" Gates's nomination unquestionably stands for one proposition: a long-awaited recognition that the administration's war in Iraq has been a disaster. But the broader interpretation of the appointment as representing a victory of Bush 41 over Bush 43 -- or of one school of thought over another -- breaks down when you look at Gates's background and the history of the 1980s and early '90s.
For one thing, that analysis depends on a selective view of the Bush 41 administration. Yes, it included Gates; then-national security adviser Brent Scowcroft, a determined opponent of the current Iraq war; and Baker, who is now head of a bipartisan group searching for a new Iraq policy. But Vice President Cheney was a charter member of the Bush 41 administration. So were Cheney's former aide Stephen Hadley, the current national security adviser, and Condoleezza Rice -- who have been among the principal architects of the war in Iraq."
* billmon: "Praise God and pass the rectoscope"
* For vets day, froomkin excerpts from a book by an vet from the current iraq debacle.
"Shinseki: Competent. Knowledgeable. Independent. Not even a whiff of scandal.* amy:
Gates: Competent. Not knowledgeable. Bush family loyalist. The best that can be said is there wasn't enough evidence to indict him in Iran/Contra.
I see no reason why Congress shouldn't insist on the best.
And I think, for a lot of reasons the Democrats should insist. Bush can start right now. Gates should never have been nominated and he should not be confirmed."
"In other news from Mexico, Mexico City has approved a measure to legalize same-sex civil unions. The legislation allows several rights but stops short of granting gay couples’ the right of full marriage or child adoption."* Foser:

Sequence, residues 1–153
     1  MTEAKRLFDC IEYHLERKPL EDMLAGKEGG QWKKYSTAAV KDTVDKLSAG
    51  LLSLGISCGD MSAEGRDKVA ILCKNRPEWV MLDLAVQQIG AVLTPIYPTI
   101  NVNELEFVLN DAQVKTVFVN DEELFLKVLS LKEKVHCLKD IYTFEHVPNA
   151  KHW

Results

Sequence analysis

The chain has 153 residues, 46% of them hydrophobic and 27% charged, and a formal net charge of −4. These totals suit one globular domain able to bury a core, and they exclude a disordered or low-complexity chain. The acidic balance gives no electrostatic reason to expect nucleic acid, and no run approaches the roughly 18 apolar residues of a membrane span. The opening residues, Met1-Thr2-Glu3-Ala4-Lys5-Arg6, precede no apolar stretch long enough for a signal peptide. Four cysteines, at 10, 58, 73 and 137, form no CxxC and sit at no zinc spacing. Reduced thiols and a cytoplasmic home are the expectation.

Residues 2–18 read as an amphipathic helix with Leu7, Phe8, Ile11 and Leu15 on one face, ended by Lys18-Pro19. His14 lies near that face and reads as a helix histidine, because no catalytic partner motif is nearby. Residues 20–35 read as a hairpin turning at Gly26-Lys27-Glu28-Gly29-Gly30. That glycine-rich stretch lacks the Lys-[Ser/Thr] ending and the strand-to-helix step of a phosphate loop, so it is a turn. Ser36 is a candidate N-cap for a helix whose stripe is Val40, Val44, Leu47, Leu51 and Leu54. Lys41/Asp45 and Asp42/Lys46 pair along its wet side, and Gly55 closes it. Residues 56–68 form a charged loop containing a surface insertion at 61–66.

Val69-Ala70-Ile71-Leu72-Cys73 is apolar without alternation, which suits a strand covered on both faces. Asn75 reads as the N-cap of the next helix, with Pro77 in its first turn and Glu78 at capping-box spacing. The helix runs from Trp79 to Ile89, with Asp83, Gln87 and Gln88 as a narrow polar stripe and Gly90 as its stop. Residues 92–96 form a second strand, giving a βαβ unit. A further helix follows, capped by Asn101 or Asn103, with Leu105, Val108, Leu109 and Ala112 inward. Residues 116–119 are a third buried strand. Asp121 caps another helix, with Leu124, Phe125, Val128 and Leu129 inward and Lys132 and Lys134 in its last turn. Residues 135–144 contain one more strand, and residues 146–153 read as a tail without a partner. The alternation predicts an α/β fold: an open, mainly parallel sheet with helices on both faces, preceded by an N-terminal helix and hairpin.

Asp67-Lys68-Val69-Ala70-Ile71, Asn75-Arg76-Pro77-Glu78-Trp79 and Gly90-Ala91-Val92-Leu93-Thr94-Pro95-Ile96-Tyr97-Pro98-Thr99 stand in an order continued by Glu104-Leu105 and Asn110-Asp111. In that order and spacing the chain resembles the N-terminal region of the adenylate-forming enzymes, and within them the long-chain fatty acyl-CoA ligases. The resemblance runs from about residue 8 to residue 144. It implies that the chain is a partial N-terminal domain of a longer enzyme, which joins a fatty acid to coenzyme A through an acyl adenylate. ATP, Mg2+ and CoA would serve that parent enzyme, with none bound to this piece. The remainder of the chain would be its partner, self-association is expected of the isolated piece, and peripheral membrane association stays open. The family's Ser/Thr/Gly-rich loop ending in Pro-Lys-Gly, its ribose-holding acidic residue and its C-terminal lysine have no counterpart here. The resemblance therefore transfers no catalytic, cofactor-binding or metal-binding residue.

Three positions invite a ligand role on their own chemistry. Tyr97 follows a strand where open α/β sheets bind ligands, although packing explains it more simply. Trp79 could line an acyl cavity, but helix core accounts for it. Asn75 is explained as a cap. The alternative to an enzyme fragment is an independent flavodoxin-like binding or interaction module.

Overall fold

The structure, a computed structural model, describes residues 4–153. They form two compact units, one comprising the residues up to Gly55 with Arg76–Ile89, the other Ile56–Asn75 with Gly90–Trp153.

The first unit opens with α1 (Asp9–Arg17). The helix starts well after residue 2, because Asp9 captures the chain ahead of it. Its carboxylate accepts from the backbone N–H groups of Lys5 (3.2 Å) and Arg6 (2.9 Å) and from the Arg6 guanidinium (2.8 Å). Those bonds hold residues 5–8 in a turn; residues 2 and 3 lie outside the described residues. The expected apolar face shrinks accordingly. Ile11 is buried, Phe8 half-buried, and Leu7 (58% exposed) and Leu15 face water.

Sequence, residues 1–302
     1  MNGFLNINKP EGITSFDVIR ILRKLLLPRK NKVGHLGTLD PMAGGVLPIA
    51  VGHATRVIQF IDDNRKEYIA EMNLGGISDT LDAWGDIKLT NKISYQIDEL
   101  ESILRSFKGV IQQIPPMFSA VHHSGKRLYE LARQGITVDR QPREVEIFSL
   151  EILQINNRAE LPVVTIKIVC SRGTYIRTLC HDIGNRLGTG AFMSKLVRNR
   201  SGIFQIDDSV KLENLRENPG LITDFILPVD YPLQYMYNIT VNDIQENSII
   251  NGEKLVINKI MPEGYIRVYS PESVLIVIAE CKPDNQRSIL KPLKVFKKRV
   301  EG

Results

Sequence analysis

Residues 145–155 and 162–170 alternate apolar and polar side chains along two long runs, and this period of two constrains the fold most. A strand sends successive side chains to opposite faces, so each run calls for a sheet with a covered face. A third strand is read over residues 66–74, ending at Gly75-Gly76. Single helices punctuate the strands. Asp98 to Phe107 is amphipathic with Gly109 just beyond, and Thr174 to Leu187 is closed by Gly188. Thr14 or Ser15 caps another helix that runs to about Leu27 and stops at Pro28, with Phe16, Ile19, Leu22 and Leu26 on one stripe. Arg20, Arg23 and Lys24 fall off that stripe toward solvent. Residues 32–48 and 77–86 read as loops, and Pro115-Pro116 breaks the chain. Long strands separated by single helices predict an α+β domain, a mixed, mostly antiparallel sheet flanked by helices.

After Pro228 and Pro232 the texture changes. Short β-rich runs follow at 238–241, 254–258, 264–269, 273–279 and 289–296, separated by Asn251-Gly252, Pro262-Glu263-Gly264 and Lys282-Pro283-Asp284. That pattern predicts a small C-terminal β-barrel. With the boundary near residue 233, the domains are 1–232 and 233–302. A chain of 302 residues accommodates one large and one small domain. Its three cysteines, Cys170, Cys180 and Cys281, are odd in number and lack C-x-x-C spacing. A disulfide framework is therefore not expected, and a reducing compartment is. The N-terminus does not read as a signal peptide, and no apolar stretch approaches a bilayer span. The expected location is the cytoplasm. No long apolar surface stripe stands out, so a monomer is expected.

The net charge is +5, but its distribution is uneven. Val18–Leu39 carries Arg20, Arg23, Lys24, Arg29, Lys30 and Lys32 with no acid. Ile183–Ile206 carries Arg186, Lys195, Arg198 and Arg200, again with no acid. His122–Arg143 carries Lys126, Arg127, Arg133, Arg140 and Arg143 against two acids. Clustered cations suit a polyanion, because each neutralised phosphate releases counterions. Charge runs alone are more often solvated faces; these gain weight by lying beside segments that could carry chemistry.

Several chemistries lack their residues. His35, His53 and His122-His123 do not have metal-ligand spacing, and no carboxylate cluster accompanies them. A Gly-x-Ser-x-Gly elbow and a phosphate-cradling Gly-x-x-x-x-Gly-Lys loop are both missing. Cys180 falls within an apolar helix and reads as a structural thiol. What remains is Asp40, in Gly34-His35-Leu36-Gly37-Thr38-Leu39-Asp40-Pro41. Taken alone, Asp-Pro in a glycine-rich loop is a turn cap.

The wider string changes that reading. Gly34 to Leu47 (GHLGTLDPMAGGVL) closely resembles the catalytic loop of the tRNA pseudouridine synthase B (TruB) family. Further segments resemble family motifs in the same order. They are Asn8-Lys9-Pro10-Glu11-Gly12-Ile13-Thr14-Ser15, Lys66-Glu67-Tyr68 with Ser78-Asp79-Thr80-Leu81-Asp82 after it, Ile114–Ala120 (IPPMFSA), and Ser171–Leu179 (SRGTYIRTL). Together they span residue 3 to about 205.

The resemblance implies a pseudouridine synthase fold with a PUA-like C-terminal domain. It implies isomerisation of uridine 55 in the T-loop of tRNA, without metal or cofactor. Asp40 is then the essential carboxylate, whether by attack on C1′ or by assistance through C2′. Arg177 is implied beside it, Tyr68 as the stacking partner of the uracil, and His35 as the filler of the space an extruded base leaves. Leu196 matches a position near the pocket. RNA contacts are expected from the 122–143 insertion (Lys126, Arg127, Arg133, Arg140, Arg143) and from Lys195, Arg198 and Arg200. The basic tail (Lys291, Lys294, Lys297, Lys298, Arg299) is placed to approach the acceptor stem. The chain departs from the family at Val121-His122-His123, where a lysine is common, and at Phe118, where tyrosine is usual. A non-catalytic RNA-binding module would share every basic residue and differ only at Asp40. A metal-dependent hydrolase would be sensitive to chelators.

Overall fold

" But consider this: Earlier this year, McCain indicated that if he was governor of South Dakota, he would have signed that state's blanket ban on abortion. On Tuesday, South Dakota voters rejected that ban by a decisive 12-point margin.
Think about that for a moment.
John McCain, the media's poster child for the "sensible center," holds a position on abortion that is far to the right of that held by the people of South Dakota.
So, on what is perhaps the most widely-used ideological litmus test, John McCain is far to the right not just of the country as a whole, but of the electorate of one of the most conservative states in the nation.
On issues ranging from tax and budget policy to health care to the minimum wage to abortion to the war in Iraq to the environment, so-called "far left" Democratic leaders like Nancy Pelosi hold positions that enjoy the support of the American people. Even on issues that Democrats have essentially stopped talking about and acting on, like universal health care and gun safety legislation, their positions are quite moderate.
So when media report that Democrats won by embracing "moderate" or "centrist" positions, that's true - but not in the way that they mean it. Democrats have long embraced centrist positions. The suggestion, however, that they won by running towards the right, or towards the center, rather than by continuing to occupy it, is as wrong as it is widespread.
But when political journalists and pundits use words like "centrist" and "moderate," they aren't talking about Nancy Pelosi and Dick Durbin. They are -- quite bizarrely -- talking about people like the far-right John McCain.
That's presumably why McCain and Sen. Joe Lieberman are reportedly the guests on the first post-election edition of Meet the Press: their reputation, deserved or not, for being moderate consensus-builders."